Ascendant Dx Develop Innovative Device To Diagnose Breast Cancer From Tears

Ascendant Dx Develop Innovative Device To Diagnose Breast Cancer From Tears
Breast cancer is the most common cancer in women worldwide, and if diagnosed at an early stage, the cancer is more likely to be treated successfully. In fact, more than 90% of women diagnosed at the earliest stage survive their disease for at least 5 years, compared to only 15% when diagnosed at the most advanced stage. Screening programs are important to discover the cancer at an early stage, but although mammograms, the current gold standard, are proven effective, it has limitations. It is not only uncomfortable, but can be difficult to interpret in younger women. In addition, the accuracy of the procedure is dependent on the technique used, experience and skill of the radiologist, and may provide false-negative or false-positive results.

The Springdale, Arkansas-based startup Ascendant Dx commercialize disruptive diagnostic technologies that aid in the diagnosis of diseases affecting women and children. Their first product, Melody, is based on a discovery made by Suzanne Klimberg, who found that breast cancer proteins are detectable in tears. The discovery led her to co-invent a process and device which can detect breast cancer in women by collecting their tears. A Schirmer strip is placed under the eyelid to absorb tears for a couple of minutes before it is placed in a buffer fluid. The eluted proteins are transferred to the cartridge, and results are given in less than 30 minutes. The device resembles a memory stick and once the proteins react with the cartridge a line appears, much like a home pregnancy test, if there is a positive reading for breast cancer.

The innovative technology could potentially change the way screening is performed around the world.  The device is far less expensive than mammography and has a sensitivity of 90%, more accurate than mammograms at detecting early cancer. It could increase access to early diagnostics in areas where access to mammography is limited, and unlike mammography it can screen all women, regardless of age or breast density. This means that the technology could change the paradigm for how we screen for cancer in the future. The inexpensive test can be widely done at low costs, allowing the use of more expensive screenings like MRI on the positive reading.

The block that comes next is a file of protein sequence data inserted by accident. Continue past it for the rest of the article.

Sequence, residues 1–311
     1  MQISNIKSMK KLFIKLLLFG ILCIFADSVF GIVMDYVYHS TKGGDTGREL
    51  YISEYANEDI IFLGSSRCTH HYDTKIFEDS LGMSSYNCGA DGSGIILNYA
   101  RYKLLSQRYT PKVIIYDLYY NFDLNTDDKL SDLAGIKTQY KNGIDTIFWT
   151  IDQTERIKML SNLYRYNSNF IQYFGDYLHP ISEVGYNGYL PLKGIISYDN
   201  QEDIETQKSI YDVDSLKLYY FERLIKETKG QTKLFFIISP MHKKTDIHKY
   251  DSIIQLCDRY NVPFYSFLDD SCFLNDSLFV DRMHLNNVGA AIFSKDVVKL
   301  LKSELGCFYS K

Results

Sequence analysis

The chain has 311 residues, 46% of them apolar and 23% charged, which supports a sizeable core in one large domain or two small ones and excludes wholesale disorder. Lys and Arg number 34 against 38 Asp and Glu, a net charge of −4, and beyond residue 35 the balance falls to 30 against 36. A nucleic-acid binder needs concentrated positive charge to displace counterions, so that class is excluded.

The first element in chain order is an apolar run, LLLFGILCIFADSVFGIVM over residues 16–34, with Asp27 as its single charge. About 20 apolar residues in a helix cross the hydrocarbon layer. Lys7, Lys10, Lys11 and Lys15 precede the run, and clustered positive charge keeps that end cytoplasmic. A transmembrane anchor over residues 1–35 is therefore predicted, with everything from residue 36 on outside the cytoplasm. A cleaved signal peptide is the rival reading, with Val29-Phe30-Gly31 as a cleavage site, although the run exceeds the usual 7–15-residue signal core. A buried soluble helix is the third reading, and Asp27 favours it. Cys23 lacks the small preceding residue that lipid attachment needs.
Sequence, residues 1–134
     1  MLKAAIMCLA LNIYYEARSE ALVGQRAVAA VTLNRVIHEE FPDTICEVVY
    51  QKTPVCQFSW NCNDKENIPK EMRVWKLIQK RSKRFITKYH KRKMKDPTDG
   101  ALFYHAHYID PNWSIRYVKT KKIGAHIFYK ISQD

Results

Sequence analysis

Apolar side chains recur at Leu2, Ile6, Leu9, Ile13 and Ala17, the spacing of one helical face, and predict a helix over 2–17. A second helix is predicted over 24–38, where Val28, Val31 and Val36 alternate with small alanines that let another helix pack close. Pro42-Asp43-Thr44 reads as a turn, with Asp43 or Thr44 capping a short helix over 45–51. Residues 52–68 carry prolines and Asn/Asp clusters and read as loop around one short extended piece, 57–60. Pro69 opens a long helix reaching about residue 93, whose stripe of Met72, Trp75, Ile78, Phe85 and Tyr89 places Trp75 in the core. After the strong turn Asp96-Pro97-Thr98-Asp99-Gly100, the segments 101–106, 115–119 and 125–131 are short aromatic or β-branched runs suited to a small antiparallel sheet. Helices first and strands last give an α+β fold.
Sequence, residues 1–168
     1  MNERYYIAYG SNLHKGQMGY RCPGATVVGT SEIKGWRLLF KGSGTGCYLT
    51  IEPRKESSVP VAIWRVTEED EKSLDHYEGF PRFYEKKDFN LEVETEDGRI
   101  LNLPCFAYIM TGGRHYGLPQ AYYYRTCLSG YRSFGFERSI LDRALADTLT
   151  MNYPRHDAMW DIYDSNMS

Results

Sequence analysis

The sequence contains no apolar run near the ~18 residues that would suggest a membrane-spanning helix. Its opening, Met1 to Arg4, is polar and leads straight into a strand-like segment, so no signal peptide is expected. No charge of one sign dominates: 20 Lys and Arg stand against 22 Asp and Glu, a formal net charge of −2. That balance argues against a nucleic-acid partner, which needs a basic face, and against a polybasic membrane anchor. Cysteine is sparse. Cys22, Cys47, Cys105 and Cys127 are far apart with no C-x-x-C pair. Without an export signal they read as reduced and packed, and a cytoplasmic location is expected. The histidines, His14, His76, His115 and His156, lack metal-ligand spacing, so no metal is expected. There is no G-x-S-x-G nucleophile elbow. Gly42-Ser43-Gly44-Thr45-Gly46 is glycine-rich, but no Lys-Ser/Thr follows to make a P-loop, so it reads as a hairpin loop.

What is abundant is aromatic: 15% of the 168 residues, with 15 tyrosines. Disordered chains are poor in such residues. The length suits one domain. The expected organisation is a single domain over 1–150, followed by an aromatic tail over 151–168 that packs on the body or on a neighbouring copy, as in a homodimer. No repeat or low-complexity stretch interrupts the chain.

Although the test could have been used as a home-test, the startup has no plans to develop an over-the-counter version. Instead they envision it to be part of an annual checkup, similar to a pap smear for cervical cancer, where it is conducted in a controlled, clinical setting.

The technology could help millions of women worldwide. In some parts of Africa, death rates are as high as 60%, mainly due to the lack of early diagnostics. Ascendant Dx could play a major part in lowering these devastating numbers, and help build cost-effective and feasible screening programs in all four corners of the earth. It could greatly increase the chances of successful treatment, improve health outcomes and quality of life, and ultimately increase survival rates for all women with breast cancer.

Ascendant Dx was birthed in the University of Arkansas’ technology park in Fayetteville and in 2014 obtained $2 million in an investment round from unnamed strategic and private investors, as well as the Arkansas Economic Development Authority and Arkansas Science and Technology Administration. The startup has also received funding from PeaceHealth, and has previously been a finalist of SBA’s InnovateHER competition, as well as SXSW Eco's Startup Showcase, a pitch competition spotlighting innovative early stage companies.

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